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Hurricane Katrina: Six Months Later; Mardi Gras 101; Coast Guard Raises Concerns Over Port Security Deal

Aired February 27, 2006 - 22:00   ET


ANDERSON COOPER, CNN ANCHOR: Listen to the sounds there.
Well, I can tell you, the scene here in Saint Bernard Parish is very different. Forty-five thousand homes in this community before Katrina -- right now, there are only about 50 of them -- only about 50 -- which are habitable. I'm on a shrimp boat.

What is remarkable about this boat is, it's -- it's about 63 feet long, but it's actually not on the water. It's on the street. It's on a -- on -- in a community here in Saint Bernard Parish. You can see it on the wide shot. It was picked up by the storm, moved some -- some four, four-and-a-half miles, and just deposited right here.

They're not sure what they're going to do with this shrimp boat at this point. They're not sure how they're going to get it out of here, whether it can actually be picked up and put back in the water, because, surprisingly, it's in, actually, pretty good shape.

All -- all the mechanics are -- are still intact. The hull of the boat is still intact. And, in fact, if you look right over here, you can see the -- the shrimp nets are all still in place. But it is so surreal, that it -- this is on dry land right in the middle of a cul-de-sac, just one of the many strange images we're going to see over the next two hours or so.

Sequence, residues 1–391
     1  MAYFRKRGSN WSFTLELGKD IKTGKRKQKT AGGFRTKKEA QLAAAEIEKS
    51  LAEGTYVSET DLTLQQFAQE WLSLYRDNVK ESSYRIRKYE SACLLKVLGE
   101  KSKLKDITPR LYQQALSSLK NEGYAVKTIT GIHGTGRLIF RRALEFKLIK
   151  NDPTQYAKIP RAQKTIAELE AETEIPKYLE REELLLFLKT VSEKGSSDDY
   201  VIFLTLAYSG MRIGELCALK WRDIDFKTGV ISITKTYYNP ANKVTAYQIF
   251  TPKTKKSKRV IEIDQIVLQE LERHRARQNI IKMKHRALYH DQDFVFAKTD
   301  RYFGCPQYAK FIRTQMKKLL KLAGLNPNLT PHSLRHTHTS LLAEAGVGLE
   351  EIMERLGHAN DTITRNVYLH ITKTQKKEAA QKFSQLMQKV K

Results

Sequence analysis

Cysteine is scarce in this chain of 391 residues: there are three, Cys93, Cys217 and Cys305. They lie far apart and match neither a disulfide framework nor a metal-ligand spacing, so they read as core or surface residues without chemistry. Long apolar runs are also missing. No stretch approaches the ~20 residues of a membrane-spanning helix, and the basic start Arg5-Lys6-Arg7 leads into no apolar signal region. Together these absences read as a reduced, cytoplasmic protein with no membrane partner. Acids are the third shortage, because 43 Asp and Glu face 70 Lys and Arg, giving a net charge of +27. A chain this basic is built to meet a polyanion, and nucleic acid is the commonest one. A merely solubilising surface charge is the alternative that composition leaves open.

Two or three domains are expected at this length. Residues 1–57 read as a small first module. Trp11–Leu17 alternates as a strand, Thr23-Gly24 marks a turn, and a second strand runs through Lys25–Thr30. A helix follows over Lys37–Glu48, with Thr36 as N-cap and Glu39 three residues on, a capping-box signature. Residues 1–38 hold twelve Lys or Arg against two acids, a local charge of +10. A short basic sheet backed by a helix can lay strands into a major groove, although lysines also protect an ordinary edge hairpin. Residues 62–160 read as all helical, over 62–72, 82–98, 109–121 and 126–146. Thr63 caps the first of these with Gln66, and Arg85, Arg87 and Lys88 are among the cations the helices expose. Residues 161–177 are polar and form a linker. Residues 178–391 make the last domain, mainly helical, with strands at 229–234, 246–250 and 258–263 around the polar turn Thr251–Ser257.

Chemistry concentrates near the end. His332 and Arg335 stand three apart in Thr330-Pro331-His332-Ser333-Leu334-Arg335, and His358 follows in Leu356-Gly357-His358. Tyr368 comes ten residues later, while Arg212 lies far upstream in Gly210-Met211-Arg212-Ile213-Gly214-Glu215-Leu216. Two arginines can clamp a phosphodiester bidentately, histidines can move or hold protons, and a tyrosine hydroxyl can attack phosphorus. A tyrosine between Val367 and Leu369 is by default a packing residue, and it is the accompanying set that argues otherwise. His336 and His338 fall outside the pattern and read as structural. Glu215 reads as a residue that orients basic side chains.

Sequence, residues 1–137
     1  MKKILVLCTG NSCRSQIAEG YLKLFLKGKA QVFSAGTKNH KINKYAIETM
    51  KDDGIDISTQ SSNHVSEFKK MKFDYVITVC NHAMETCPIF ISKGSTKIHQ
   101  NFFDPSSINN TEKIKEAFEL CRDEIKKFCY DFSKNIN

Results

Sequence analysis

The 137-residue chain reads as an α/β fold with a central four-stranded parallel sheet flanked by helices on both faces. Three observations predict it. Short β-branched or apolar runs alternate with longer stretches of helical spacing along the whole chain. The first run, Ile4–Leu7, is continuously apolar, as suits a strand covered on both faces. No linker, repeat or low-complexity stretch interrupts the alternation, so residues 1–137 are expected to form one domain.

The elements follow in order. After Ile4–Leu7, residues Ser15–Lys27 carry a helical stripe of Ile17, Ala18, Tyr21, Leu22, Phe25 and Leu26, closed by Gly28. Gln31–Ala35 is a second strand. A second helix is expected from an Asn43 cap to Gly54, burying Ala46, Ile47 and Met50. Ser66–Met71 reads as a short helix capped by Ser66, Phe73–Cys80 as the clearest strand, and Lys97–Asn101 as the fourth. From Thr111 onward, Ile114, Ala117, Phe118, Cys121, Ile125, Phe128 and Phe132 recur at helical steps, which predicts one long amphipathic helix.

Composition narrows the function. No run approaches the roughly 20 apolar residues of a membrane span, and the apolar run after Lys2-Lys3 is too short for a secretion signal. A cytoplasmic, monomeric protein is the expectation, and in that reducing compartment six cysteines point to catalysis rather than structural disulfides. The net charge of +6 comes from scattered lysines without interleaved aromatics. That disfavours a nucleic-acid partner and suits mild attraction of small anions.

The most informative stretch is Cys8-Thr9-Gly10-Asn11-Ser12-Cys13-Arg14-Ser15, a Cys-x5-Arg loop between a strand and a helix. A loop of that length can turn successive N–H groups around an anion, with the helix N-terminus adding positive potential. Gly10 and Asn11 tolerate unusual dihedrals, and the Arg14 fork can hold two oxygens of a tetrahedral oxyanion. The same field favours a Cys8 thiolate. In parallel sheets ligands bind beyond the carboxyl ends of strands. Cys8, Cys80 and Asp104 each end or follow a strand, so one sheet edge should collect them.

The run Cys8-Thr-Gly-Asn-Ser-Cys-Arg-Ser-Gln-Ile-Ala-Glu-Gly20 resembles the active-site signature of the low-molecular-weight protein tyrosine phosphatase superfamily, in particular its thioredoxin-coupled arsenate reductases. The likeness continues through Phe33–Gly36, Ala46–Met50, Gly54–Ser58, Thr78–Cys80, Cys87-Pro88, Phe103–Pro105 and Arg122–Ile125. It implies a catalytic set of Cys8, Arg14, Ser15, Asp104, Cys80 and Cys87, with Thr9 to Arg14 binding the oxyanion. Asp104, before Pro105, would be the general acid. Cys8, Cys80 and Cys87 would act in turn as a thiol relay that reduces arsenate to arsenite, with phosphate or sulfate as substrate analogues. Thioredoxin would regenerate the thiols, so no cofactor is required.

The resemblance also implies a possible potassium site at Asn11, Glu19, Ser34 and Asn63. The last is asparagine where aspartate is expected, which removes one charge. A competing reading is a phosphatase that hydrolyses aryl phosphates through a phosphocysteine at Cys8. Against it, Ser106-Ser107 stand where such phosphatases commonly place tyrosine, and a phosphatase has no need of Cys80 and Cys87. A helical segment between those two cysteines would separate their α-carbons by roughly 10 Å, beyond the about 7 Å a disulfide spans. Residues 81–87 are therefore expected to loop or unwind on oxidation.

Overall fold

In this next two hours, really going to bring you a sense of what life is like on the ground. This week, with Mardi Gras, it's not just parties and festivities. There is still a lot of pain in this community and all throughout the Gulf Coast. We are going to bring you that.

First, I want to show you some behind the scenes of what it's like here at Mardi Gras, the celebration, and what it all really means. Take a look.


COOPER (voice-over): New Orleans has always been a complex city, gritty gumbo town, not quite here, not quite there. These days, it's working, but wounded.

Bourbon Street is busy, but there's still miles of mud, acres of ruin, no clear plan of when or how to rebuild.

(on camera): This warehouse was badly damaged during the storm. And it's where a lot of the Mardi Gras floats have been built over the years. It's really eerie, though, coming back here. They're all still just kind of sitting out, memories of -- of Mardi Gras past.

(voice-over): It's a strange time, perhaps, for a party, but New Orleans needs money, and its residents need hope.

UNIDENTIFIED FEMALE: Things are really bad here. People think, just because we're having Mardi Gras, that everything is great and it has been six months, so things must be fine. Things are in a huge mess. Mardi Gras, we're just making believe everything is OK.

COOPER: Make-believe is what Mardi Gras has always been about. On Bourbon Street, crowds of college-age kids and those still wishing they were take part in a raunchy 'round-the-clock Carnival of chaos, reveling amid piles of trash.